By Debra White Plume
Powertech USA Inc. is embarking on a path of destruction from which there is no return. The company plans to start in situ leach mining in South Dakota’s Custer and Fall River counties that will puncture through four aquifers on the Great Plains and endanger a fragile geologic system.
As a result of ISL mining planned at the Dewey-Burdock site – 12 miles northwest of Edgemont – we on the Plains must face the threat of groundwater contamination for generations, while the corporate leaders reside far away in their homelands of Canada and France.
This new corporation has no history of accountability in adhering to environmental laws or in the clean-up of a mined-out area. There are thousands of reports by mining corporations that document problems trying to contain uranium-laden water at mine sites, according to the Nuclear Regulatory Commission’s Web site.
Will this new corporation – which will be mining uranium in an area with thousands of improperly abandoned boreholes and fractured aquifers – have the capacity to contain the radioactive water it plans to pump to the surface through miles and miles of pipe? Pipe which leaks, according to the NRC.
Powertech knows about the thousands of uncapped boreholes in their mine permit area, and about the horizontal and vertical faults and fractures between aquifers through which groundwater can spread thorium, radium, arsenic and other contaminants disturbed with ISL mining.
These metals can travel to contaminate clean drinking water which may eventually end up in the pipe that brings drinking water into our homes, or the garden hose that waters our family gardens. Arsenic and alpha emitters make people sick.
The history of earthquakes in the Black Hills makes ISL uranium mining even more dangerous.
Does Powertech have the finances to pay fines for leaks and spills that other corporations have had to pay or to cleanup? It is not clear if the company has the resources to pay for cleaning up its mess, or if water can ever be safely restored.
Powertech’s uranium mining applications to the NRC and the South Dakota Department of Environment and Natural Resources were deemed inadequate. But rather than denying the applications, both entities helped revise Powertech’s applications.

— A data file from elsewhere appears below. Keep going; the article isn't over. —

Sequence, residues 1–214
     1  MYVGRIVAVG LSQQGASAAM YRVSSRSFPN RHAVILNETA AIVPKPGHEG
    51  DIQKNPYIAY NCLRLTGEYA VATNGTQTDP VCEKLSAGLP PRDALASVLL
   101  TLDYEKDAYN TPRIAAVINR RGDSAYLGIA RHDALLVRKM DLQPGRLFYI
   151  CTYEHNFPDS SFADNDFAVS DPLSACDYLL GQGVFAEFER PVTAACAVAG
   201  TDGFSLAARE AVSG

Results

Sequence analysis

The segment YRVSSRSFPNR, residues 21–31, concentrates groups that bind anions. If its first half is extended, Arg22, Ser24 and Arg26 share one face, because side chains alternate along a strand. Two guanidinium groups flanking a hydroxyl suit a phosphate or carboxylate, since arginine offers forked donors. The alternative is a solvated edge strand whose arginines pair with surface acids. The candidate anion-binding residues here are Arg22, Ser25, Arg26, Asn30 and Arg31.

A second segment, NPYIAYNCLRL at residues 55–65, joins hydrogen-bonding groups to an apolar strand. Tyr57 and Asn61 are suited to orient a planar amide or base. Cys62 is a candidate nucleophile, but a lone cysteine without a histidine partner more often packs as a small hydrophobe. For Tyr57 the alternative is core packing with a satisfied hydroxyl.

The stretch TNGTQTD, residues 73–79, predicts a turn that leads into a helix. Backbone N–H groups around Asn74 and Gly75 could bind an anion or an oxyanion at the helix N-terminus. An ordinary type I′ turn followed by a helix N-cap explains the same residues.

The fact that the corporation failed to complete a satisfactory application does not create confidence and makes one wonder about these governmental entities: Are they here to look out for the well-being of people and the environment, or for the mining corporations?
The opportunity to view the public records of Powertech’s 6,000 page application as limited to Internet availability is prejudicial. It assumes that everyone has a computer and Internet access and eliminates untold members of the general public.
Let me be clear, this practice impacts the most vulnerable: The poor and the isolated.
The Dewey-Burdock area is in 1868 Fort Laramie Treaty Territory and in a place sacred to the Lakota People: The Black Hills, the heart of everything that is. The 1868 Fort Laramie Treaty was ratified by Congress and was never amended. Under international law it is our land.
Our ancestors fought the United States, and many people died, to protect the Black Hills and our homelands. There are hundreds of places in the proposed mining area that have been identified as archeological, historical and cultural sites.
Will this new corporation have the capacity to contain the radioactive water it plans to pump to the surface through miles and miles of pipe?
There are tipi rings, stone cairns, graves; there are eagle nests there which need protection. For a corporation to have more rights than human beings is a violation of our basic human rights.
To keep us away from a sacred place is to kill our people and way of life. What kind of government makes such laws that allow a corporation to turn this into a “National Sacrifice Area?”
The laws of the United States, the NRC regulations, and the individuals who sit behind those desks can honor treaty law, the life way of the Lakota, environmental laws, and demonstrate respect for Mother Earth by denying Powertech USA Inc.’s application to mine uranium.
After Powertech has mined for 20 years, used billions of gallons of water, fouled our aquifers and land, and completed processing its yellow cake imported from Wyoming, Powertech’s board of directors and shareholders will remove the pumps that keep radioactive water “contained,” cap the deep disposal wells storing billions of gallons of radioactive waste, dismantle its buildings for shipment to a nuclear waste dump, lay off the handful of local employees, close its Hot Springs Office, and enjoy their profits back in their home offices in Canada and France.
The NRC staff will file away the paperwork of the Dewey-Burdock Uranium Mine – our homelands. Will the file tab read “Radioactive, Keep Out?”
Debra White Plume is an Oglala Lakota author, artist, and activist from the beautiful Pine Ridge homelands.
The preceding story first appeared on Indian Country Today